Whether your memories are sharp or blurry, your memory is bound challenge you as you work to reconstruct “what happened” and sort out what to include and what to leave out. In this class we offer strategies to help you to remember, and also provide a roadmap for tracking what matters and knowing what scenes belong in your book. This class includes teaching on how to turn important moments into scenes, which comprise chapters, to support you to see the bigger picture of your story. Memoir is a series of memories and the meaning you make from the experiences that happened to you—and as such we’re supporting you in this class to work with what you have, and to know that whatever you remember is enough.

Week 3 - March 28


Extracting truths that serve your story

Ah, truth, a complicated topic that stymies most of us, especially those who question their memories, or who’ve grown up having their truth challenged by others, or who’ve been gaslighted in relationships. All you have is your own truth to work with, and as such it’s imperative to cultivate trust in yourself as a storyteller. In this class we teach that what matters is “emotional truth”—not so much the explicit facts as what you know to be true. This means sometimes writing what would have happened, or creating composite scenes or characters, or finessing meaning to serve the story. In other words, what we make of “what happened” is a skill every memoirist must hone, and that means coming to terms with the reality that your truth might differ from others’ truths—and that’s okay.

Week 4 - April 4


Finding relief in what's been kept hidden

We know well that writing memoir often feels like walking around naked, totally exposed and vulnerable, even before sharing a single word with another person. Self-revelation is a paradoxical experience, however, because it’s both terrifying and gratifying. Most people find deep relief in finally releasing secrets they’ve been expected or explicitly told to keep. And while memoir is not always about revealing secrets, it is always centered on revealing aspects of self that might feel hard to share, or experiences you’ve never told another person, or things that happened to you that you’ve kept hidden for fear of being judged. This class will delve into the many facets of self-revelation in all its paradox, both to acknowledge what’s difficult about it, and also why it’s so profound and essential to memoir writing.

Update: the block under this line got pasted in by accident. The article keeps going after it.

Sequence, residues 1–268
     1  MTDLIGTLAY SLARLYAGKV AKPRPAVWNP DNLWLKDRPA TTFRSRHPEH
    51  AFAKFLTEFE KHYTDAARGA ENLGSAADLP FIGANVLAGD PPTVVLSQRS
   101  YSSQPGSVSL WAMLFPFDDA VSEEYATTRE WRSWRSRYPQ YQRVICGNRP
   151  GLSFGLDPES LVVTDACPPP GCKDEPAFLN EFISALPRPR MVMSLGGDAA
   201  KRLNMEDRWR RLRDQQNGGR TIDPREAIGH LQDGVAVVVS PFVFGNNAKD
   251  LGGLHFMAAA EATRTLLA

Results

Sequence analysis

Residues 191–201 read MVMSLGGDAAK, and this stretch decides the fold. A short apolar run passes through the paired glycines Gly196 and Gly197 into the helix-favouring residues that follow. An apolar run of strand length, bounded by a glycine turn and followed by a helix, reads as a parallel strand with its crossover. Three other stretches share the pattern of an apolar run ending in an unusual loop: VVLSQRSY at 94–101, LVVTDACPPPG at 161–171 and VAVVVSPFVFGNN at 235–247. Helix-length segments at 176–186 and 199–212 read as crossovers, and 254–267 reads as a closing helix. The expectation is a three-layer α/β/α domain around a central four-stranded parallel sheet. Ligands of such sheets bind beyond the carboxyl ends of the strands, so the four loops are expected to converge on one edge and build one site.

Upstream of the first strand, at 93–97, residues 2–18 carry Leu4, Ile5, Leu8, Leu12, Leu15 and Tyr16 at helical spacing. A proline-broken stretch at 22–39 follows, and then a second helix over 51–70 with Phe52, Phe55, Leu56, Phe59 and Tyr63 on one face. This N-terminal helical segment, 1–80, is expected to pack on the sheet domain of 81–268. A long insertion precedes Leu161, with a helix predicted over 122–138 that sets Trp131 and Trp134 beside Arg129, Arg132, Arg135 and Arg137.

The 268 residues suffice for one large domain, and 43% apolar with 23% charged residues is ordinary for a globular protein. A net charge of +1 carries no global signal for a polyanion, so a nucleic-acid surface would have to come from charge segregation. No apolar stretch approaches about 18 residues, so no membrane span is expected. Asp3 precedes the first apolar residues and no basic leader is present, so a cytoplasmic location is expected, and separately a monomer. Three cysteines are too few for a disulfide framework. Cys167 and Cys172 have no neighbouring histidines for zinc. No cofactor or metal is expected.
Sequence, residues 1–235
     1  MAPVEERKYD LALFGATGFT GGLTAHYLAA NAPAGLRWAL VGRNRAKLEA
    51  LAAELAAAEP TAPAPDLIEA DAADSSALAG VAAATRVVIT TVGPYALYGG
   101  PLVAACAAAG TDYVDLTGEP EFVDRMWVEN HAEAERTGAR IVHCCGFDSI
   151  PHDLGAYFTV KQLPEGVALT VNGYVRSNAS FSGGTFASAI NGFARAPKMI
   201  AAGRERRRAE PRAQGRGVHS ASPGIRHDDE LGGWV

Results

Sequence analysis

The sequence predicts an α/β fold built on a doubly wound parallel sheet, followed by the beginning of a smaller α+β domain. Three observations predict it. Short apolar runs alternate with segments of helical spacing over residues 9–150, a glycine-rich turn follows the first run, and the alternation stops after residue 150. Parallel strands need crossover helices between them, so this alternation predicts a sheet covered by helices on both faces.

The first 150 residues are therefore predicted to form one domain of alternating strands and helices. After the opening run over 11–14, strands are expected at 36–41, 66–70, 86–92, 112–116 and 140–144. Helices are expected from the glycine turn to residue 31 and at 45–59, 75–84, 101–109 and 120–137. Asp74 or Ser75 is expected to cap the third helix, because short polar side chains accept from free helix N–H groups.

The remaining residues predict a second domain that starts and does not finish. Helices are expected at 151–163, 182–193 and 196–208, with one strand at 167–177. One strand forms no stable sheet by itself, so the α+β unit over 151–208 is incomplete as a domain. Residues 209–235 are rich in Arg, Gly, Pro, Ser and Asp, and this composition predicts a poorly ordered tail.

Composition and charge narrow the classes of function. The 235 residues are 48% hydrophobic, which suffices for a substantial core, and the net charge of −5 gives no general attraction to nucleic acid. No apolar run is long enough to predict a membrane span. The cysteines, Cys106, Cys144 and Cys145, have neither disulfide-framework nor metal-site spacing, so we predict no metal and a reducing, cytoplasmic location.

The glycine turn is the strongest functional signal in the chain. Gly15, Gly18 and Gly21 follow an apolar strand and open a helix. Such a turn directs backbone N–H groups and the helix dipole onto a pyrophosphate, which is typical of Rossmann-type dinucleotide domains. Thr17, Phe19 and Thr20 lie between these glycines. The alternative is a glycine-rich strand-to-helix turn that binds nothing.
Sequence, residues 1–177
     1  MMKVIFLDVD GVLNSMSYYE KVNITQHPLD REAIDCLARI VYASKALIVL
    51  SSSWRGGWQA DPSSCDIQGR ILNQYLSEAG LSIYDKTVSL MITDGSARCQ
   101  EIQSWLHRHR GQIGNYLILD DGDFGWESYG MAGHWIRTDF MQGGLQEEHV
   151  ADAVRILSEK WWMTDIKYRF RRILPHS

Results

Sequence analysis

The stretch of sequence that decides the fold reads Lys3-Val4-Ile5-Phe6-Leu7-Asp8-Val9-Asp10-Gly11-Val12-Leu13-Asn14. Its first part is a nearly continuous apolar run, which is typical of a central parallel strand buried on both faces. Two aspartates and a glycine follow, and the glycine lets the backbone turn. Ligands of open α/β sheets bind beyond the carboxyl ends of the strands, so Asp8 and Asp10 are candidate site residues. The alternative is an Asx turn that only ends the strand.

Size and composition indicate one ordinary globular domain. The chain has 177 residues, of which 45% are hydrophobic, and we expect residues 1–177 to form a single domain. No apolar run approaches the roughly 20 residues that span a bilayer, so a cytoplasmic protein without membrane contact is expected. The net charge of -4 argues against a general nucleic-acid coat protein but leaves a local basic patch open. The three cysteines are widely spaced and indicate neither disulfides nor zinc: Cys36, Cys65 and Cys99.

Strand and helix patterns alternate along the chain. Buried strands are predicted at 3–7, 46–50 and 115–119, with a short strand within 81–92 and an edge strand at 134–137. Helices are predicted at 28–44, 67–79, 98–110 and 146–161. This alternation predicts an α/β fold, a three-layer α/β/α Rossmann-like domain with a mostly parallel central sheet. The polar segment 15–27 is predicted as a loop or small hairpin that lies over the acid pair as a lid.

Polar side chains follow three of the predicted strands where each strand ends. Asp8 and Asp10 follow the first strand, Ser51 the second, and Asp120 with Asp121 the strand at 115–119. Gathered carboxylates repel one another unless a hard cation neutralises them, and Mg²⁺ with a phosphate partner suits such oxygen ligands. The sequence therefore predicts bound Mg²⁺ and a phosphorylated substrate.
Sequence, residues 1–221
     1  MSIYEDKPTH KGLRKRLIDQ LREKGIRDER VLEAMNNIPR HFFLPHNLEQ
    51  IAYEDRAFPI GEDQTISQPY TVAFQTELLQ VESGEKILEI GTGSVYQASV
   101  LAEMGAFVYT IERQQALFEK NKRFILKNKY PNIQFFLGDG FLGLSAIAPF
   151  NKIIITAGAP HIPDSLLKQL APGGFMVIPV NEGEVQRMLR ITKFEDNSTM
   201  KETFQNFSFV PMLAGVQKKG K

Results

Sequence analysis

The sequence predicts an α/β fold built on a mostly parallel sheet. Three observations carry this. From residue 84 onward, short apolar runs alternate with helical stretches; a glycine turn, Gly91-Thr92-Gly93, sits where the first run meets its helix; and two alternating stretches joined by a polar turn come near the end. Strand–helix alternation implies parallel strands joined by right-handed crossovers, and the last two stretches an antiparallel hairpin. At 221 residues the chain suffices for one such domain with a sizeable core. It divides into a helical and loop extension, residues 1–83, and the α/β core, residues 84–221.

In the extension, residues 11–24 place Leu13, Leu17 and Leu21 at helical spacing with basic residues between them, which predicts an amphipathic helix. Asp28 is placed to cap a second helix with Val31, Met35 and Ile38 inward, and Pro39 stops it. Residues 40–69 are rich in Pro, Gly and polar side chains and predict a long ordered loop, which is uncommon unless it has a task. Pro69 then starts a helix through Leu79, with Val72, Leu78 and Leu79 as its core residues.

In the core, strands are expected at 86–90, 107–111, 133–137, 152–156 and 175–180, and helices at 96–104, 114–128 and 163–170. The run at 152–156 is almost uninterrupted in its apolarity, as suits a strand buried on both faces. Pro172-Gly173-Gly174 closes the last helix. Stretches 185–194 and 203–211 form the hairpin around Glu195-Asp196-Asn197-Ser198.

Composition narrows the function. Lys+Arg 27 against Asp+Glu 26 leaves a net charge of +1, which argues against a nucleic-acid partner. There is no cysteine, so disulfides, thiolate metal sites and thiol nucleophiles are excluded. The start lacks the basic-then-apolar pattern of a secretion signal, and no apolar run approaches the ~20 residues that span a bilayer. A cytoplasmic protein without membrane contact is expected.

Week 5 - April 11


What your story means—to you and your readers

Meaning is the heart of memoir. Without it, all that exists on the page is what happened, and that’s not enough. This class is a celebration of meaning, which means we’ll teach about reflection and takeaway. But more than teach about it, we’ll share what kind of reflection touches the reader, and why reflection so often falls short, especially in early drafts. The deep dive into your story’s meaning is an ongoing process, a layering on of meaning and understanding, that will most often unfold during your revision process. This class will support you to find ways to consider meaning—in scenes, for your book as a whole—without feeling like you have to perfectly execute that meaning as you’re sorting out your structure, your themes, and the scope of your story. Memoir is a journey, we know, and therefore meaning invariably comes in stages as well.

Week 6 - April 18


Keeping close to why your story matters

We end this course on the power of inspiration. How do you stay inspired? What are your ways back to inspiration when you feel creatively blocked? We’ll consider different students’ experiences—from those of you who are new to the journey and just beginning to confront certain challenges of focus and momentum, to those who might be stalled out or stuck or just plain uninspired, to those who are staying the course but bumping up against inner critics and fear and imposter syndrome. There are more ways to get uninspired than there are to stay inspired, a truth that inspired this very course. We end on supporting you to reignite the spark of inspiration—over and over and over again until you see through your book to completion.